I am reading over a series of lectures my mother created on the Book of Samuel, most specifically centering on Chana’s prayer (Chana was Samuel’s mother).
I realized while reviewing these lectures, that they were presented in a much more interesting and insightful way than how I originally learned this book in middle school (I attended a Jewish Day School from kindergarten through high school).
But then I realized that my mother’s lessons were only interesting to me because I had the solid background of the Book of Samuel from what my teachers taught me in middle school.
And I recognized the Catch-22 of it all.
As I discussed previously with Jewish educators a little over 10 years ago—when my passions centered around rejuvenating the ritual of Jewish prayer—the challenge of Modern Orthodox Jewish day schools is that they are expected to cover so much material (the Bible, the books of the Prophets, let alone the Oral Torah), that it often may leave little time for more thought-provoking, philosophical, meaningful discussion between students and their teachers. And, yes, there is the concern that teachers will not have all the answers to students’ questions (as I saw firsthand when I volunteer taught 8th graders), but nevertheless the lack of these more meaningful, heart-filled conversations, is, I believe, somewhat responsible for the loss of religious observance that occurs when Orthodox young men and women go off to college and beyond.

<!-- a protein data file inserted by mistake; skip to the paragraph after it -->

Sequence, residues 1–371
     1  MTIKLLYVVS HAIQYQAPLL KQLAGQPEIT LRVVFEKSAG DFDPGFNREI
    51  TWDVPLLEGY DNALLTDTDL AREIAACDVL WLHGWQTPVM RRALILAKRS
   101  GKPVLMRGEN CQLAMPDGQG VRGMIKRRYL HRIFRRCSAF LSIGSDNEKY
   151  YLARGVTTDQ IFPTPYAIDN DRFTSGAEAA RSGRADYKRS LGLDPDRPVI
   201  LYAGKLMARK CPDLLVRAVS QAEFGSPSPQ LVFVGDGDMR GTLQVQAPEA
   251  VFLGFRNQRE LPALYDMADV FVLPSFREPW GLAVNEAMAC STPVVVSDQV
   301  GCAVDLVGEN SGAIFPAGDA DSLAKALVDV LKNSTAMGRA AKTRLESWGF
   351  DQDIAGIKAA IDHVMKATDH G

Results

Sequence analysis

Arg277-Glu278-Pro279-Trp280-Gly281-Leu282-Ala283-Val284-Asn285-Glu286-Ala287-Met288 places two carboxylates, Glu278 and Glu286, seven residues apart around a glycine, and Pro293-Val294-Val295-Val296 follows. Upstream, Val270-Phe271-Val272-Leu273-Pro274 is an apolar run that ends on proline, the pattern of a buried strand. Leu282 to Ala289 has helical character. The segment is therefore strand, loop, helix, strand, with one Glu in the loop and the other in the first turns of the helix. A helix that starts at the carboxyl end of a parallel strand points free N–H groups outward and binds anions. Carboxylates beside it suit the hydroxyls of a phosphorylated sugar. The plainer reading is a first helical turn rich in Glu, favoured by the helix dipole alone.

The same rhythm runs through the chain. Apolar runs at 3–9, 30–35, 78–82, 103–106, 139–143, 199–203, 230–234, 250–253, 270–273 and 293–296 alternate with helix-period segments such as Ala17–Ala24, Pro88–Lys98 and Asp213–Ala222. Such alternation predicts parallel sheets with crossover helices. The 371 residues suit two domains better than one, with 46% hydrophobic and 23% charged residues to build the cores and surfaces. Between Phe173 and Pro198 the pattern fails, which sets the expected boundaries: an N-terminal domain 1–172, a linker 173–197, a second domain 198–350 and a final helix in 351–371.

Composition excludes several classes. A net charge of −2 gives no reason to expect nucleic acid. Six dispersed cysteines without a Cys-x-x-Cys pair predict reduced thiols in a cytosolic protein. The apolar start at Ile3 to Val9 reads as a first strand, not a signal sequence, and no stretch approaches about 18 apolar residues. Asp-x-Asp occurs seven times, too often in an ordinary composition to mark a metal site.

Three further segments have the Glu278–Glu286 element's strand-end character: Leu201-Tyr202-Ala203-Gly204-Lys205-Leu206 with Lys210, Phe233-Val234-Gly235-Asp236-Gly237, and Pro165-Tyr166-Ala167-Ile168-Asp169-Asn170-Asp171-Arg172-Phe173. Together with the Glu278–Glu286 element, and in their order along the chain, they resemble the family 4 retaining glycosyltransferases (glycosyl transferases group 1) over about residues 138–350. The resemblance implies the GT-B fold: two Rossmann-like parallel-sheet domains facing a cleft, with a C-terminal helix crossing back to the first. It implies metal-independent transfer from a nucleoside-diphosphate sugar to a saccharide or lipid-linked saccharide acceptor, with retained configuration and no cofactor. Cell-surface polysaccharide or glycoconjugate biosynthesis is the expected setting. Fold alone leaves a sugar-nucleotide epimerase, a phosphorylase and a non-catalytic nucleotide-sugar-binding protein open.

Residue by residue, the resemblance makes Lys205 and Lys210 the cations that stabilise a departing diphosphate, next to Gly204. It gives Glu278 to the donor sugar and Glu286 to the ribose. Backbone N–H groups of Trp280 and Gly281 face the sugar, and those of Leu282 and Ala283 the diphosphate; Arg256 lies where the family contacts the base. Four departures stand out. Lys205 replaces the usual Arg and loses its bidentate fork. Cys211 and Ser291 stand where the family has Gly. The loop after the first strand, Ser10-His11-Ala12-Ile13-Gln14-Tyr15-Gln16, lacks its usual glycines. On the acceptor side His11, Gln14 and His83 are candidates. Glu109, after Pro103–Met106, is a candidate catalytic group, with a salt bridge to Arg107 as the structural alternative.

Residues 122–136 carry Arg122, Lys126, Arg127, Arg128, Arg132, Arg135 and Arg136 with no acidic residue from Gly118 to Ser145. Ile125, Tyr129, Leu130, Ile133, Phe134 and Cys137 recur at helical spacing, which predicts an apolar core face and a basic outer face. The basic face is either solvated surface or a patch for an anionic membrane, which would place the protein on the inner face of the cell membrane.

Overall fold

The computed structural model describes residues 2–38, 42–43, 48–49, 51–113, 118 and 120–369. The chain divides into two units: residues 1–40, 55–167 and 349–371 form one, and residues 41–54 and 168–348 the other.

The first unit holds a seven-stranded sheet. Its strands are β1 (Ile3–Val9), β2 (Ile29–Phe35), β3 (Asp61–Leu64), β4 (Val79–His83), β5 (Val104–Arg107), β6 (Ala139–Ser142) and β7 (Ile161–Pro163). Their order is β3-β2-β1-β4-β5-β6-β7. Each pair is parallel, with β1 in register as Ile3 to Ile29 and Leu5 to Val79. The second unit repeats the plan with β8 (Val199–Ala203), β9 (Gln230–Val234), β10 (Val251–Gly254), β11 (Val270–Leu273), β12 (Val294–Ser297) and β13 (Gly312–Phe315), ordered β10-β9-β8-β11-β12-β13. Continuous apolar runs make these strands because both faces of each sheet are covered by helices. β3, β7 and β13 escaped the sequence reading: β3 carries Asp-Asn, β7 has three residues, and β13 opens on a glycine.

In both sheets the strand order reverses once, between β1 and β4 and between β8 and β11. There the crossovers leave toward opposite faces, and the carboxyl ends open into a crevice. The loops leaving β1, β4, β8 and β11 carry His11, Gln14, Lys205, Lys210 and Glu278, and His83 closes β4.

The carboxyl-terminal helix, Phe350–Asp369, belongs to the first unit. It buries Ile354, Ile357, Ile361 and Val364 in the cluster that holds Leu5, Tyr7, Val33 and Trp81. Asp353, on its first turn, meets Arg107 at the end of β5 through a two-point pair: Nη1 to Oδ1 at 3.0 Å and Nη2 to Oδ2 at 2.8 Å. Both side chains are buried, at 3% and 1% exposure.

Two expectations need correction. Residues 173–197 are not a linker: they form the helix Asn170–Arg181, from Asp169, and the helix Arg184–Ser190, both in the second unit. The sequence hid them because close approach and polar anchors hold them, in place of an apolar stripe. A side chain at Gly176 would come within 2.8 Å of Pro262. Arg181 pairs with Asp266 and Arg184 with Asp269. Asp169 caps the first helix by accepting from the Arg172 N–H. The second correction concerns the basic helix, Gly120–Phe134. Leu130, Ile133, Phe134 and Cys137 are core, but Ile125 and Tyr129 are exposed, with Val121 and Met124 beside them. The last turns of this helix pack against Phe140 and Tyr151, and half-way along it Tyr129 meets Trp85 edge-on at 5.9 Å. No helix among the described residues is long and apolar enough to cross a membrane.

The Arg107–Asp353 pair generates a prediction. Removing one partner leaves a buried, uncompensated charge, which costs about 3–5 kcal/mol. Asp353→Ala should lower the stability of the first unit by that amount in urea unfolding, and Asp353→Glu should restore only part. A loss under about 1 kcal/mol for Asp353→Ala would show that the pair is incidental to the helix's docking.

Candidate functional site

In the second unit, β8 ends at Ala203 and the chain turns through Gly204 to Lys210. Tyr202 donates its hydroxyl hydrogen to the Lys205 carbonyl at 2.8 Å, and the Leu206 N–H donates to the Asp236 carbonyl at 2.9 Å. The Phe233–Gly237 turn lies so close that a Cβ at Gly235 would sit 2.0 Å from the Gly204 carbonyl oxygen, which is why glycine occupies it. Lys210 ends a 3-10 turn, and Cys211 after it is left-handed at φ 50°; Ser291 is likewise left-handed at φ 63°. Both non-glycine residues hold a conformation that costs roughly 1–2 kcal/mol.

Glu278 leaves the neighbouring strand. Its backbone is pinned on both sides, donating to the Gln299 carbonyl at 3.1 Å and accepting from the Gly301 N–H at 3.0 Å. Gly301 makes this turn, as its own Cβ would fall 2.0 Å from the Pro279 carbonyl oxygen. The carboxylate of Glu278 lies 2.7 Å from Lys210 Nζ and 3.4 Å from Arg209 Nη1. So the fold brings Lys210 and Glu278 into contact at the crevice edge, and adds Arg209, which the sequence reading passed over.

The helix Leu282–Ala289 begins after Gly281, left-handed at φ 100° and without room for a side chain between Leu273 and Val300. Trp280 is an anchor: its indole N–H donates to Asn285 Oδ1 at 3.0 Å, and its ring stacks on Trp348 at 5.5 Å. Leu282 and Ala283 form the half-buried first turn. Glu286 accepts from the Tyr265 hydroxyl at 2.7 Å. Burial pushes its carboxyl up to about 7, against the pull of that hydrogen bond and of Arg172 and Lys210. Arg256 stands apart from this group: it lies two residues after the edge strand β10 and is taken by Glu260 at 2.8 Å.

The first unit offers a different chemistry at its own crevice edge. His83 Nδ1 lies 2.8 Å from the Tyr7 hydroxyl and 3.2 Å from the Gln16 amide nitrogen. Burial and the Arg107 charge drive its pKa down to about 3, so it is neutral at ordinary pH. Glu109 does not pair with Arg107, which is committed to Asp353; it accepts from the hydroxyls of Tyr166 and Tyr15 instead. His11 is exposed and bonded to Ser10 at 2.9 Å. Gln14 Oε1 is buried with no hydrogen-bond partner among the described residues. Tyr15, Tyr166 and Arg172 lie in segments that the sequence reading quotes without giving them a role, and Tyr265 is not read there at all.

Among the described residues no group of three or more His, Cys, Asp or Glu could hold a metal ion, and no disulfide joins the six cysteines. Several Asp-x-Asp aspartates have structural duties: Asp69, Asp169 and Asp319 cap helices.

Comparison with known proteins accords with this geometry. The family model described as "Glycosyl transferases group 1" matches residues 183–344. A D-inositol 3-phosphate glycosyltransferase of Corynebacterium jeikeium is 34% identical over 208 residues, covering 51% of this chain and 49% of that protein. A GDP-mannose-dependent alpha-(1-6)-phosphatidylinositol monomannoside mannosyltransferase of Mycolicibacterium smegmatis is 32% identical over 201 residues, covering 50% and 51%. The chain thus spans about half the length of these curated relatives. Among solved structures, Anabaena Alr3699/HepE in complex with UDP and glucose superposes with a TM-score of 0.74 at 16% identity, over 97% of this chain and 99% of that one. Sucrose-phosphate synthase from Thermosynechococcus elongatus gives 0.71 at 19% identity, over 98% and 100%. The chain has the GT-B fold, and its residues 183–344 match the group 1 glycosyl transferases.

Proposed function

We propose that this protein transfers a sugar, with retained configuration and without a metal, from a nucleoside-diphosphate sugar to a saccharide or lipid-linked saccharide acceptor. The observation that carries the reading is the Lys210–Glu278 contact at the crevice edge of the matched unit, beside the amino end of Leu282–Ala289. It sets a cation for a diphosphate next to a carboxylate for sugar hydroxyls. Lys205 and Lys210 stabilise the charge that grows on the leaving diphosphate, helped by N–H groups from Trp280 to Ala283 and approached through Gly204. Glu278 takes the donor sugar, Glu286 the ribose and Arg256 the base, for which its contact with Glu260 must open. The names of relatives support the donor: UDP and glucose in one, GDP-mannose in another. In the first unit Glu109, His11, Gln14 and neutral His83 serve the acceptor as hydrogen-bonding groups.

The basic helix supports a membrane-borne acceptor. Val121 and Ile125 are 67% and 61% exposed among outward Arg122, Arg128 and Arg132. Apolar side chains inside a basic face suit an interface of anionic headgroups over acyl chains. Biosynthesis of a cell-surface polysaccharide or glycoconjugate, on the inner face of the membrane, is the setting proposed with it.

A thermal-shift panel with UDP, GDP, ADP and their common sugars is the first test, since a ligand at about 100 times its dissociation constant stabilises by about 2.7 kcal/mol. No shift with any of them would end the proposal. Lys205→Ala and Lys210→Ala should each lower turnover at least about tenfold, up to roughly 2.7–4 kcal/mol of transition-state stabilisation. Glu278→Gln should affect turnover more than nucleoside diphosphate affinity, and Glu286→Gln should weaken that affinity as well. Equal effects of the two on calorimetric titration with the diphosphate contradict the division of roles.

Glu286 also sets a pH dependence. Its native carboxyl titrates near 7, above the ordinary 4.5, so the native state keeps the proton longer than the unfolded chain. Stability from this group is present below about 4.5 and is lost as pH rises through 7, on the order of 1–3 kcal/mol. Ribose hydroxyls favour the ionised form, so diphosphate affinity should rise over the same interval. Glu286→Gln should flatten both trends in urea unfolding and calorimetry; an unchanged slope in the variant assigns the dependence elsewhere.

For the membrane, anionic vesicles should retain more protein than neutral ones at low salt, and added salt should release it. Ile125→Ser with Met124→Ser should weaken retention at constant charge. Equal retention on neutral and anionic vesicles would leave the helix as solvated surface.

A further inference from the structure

So the conundrum is this: A thorough education of Jewish texts is a necessary background for Jewish education and fluency in the Jewish religion. But that alone is not going to keep most students in the fold.
We need to find ways to touch their hearts, to expand their minds. More than that, we need to allow them to offer their own thoughts and emotions on Jewish topics discussed, so they can expand our (i.e. the teachers) hearts and minds.
Meaning and inspiration is inherent in the teachings of the Torah, but we need to create space for it to happen.
The alternative is simply too dire…